Why do doctors contract with large networks to provide care at a deep discount? Do they expect to get more business from those relationships? If so, does that additional business ever arrive at their examining room? How many other physicians in their area are also contracted with that network? If there are many, are they merely joining to maintain their patient base?
Have they actually done the math to determine the impact of the discount on their finances?
Here’s an admittedly simplistic analysis of the financial impact of a discounted patient visit.
- The “non-discounted” price would be $100
- The discount is 20%
- The net profit on the average patient visit (non-discounted) is 30% (an unreasonably high number, but easier to work with for our purposes)
The doctor makes a profit of $10 per discounted patient visit, and therefore must see three times as many patients to justify that 20% discount. And that’s before one factors in the additional fixed costs associated with the larger patient load – more parking, more staff, a larger waiting room, more examining rooms, and more of his/her professional time.
Perhaps more physicians are “doing the math”, and that is why managed care firms are having a much tougher time getting discounts.
The network deep discount model has other fundamental flaws, flaws that are only now beginning to be fully appreciated.
The investigations begun by Eliot Spitzer of broker-insurer business practices have not only spread from property and casualty insurance to other lines, but to other states, and now it appears there may be international repercussions as well.
The investigations and subpeonae appear to be increasing on a daily basis, with each morning beginning with an annoucement of additional targets. Employee benefits insurers and brokers are now coming under scrutiny, while the number of P&C carriers facing subpoenae has increased again today with St. Paul/Travelers the latest subject. Chubb is also under investigation, while also facing allegations concerning their relationship with their auditors, Ernst and Young.
Expect this to continue, as Attorneys General throughout the country seek to ensure their consituents are protected, simultaneously demonstrating their diligence. This last comment may be viewed as cynical, but undoubtedly any regulator worthy of the post will want to be sure they are viewed as aggressively pursuing this hot issue.
Undoubtedly the ramifications will continue to be felt – latest rumors have the Mercer Consulting entity splitting off from parent Marsh…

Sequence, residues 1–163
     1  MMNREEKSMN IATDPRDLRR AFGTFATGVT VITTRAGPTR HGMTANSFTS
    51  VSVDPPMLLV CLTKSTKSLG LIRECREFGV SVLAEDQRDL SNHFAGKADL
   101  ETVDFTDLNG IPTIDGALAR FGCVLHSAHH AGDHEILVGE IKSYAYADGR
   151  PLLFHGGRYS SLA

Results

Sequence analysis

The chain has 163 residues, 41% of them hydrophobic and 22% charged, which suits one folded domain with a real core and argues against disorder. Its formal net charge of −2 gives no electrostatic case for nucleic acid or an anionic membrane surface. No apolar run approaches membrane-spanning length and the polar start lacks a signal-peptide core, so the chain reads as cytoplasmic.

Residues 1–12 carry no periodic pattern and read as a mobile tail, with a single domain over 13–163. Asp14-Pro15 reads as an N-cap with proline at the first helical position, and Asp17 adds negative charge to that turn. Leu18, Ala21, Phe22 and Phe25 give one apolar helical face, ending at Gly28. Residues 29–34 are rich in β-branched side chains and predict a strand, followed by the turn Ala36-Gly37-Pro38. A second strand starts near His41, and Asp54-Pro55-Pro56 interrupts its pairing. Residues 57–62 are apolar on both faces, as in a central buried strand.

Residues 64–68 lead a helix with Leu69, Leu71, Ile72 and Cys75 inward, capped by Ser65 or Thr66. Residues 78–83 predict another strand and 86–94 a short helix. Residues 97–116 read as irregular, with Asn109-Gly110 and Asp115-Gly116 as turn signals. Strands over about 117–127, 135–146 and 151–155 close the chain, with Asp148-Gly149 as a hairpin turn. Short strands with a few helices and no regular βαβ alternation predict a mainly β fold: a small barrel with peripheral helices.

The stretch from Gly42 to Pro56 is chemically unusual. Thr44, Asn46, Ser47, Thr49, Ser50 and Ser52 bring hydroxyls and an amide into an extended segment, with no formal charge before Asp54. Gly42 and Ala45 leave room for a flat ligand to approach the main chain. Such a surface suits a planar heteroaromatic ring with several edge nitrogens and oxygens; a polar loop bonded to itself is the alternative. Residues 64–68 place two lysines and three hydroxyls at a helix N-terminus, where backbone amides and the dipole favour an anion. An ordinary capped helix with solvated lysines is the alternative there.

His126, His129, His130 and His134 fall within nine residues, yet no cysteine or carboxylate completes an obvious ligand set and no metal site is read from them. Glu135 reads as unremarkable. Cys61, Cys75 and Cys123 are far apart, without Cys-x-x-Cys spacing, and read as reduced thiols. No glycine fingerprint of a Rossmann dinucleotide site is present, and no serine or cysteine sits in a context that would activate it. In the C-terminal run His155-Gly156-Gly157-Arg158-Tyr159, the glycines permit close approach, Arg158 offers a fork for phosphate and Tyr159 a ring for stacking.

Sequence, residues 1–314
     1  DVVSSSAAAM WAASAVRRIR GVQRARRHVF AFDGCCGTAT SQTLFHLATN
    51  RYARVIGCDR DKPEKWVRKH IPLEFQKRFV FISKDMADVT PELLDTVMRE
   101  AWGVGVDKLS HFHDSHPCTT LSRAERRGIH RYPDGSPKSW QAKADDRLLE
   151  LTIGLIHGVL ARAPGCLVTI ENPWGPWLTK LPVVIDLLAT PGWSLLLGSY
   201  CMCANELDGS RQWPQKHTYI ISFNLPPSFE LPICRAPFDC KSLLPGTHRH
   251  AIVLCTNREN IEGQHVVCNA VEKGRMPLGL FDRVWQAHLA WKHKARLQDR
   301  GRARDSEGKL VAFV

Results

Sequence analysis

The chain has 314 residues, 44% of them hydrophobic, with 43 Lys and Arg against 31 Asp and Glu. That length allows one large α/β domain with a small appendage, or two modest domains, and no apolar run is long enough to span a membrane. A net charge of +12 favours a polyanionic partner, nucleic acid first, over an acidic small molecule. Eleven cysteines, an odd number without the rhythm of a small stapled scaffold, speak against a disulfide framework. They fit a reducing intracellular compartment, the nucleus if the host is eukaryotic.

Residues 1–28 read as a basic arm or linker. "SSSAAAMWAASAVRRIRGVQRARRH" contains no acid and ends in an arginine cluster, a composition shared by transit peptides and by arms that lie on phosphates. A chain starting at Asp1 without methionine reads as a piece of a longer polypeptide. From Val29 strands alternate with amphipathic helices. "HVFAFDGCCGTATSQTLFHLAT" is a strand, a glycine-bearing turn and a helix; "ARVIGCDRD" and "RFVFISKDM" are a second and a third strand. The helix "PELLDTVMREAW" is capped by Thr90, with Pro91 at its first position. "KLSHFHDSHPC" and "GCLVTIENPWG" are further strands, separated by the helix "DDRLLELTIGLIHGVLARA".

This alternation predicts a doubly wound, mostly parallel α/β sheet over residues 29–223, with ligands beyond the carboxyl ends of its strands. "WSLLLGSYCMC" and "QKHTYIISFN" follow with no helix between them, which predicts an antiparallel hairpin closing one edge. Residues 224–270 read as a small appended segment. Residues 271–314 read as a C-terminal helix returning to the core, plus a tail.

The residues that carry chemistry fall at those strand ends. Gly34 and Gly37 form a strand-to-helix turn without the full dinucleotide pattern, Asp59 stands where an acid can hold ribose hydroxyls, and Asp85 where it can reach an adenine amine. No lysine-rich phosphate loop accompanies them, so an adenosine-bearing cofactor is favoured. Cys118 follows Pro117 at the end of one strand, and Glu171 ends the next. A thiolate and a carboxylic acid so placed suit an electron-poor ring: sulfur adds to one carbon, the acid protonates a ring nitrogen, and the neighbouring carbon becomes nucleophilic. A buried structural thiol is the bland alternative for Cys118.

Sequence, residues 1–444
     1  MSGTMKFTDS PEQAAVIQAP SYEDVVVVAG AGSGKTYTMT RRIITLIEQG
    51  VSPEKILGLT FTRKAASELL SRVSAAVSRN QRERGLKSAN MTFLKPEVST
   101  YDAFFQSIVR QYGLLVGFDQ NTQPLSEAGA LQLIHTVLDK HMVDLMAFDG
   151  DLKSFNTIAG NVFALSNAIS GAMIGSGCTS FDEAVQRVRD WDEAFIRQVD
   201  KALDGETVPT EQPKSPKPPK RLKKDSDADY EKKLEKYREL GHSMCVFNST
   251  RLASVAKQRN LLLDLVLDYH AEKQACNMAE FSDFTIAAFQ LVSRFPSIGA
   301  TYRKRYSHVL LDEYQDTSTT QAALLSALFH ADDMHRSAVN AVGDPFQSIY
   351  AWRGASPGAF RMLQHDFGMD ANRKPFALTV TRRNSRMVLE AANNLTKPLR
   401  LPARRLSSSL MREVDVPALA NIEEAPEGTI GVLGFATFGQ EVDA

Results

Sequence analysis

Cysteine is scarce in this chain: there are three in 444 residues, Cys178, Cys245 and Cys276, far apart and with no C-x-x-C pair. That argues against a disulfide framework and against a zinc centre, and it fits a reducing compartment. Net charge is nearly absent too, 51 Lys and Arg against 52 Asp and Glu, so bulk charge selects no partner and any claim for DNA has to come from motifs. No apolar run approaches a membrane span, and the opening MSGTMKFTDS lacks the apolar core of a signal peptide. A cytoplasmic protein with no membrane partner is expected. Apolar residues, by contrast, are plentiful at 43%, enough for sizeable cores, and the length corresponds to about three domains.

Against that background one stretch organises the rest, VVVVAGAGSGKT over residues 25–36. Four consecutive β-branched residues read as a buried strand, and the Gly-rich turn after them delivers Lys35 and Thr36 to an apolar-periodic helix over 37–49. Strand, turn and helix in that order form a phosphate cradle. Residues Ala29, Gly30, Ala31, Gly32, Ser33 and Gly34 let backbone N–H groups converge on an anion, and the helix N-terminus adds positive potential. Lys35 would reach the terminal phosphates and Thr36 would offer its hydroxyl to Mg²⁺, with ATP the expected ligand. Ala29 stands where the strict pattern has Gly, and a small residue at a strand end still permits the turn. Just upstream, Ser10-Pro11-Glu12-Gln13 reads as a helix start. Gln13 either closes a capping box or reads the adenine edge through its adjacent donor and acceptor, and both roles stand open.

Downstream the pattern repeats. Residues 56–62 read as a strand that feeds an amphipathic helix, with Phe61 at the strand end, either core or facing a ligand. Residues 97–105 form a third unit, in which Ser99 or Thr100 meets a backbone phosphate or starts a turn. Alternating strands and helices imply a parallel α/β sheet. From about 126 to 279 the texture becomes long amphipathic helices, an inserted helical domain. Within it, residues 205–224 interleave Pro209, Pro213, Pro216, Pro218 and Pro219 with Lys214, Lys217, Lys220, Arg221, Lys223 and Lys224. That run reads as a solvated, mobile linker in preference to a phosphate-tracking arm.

Notably, the highly publicized nature of the charges has drawn the attention of federal regulators, with the recent release of a GAO report on federal regulation of financial services. Included in the report is a discussion of the potential for changes in the role of the feds in insurance regulation.
This issue will not go away anytime soon.
It looks like the Anthem-Wellpoint merger is going to go through after all. John Garamendi, the Insurance Commissioner of California, was holding up the merger, claiming it would cost California’s members in both dollars and health care quality.
Garamendi successfully negotiated with the merger parties, getting them to provide over $100 million in payments to fund rural health, child health, nurse training, and other initiatives. In addition, Anthem-Wellpoint promised to not raise CA premiums to pay for the merger; the actual language mentioned that the entity will not pass along merger costs to Blue Cross (Anthem) customers in CA.
This is exactly what we had predicted would occur; the only surprise is it took longer to get the deal done than I thought.
What does that mean? Maybe something, perhaps not much. There are any number of reasons for premium increases, and lots of ways to change premiums that could be used to “hide” merger-associated costs. These could include:
–plan design changes
–different provider panels
–amortization of capital expenses
–different risk pooling
–increased distribution expenses
— and on and on.
The net is this – Garamendi got some additional concessions, the “rate increase” deal is probably unenforceable, and he, and Anthem-Wellpoint, can move on to other priorities. For Garamendi, it may likely be contingent commissions, sham-bidding, and other broker-consultant games. Your author’s opinion is this elected official can’t stand to be upstaged by another regulator, and Mr. Spitzer’s press is likely driving Mr. Garamendi nuts.
While Anthem and Wellpoint are free to move on, brokers, agents, et al are likely to feel the “wrath of a regulator scorned.”
The Piper Report, a well-respected weblog focused on all issues healthcare, published a great piece about techniques for encouraging enrollment in high-quality health plans.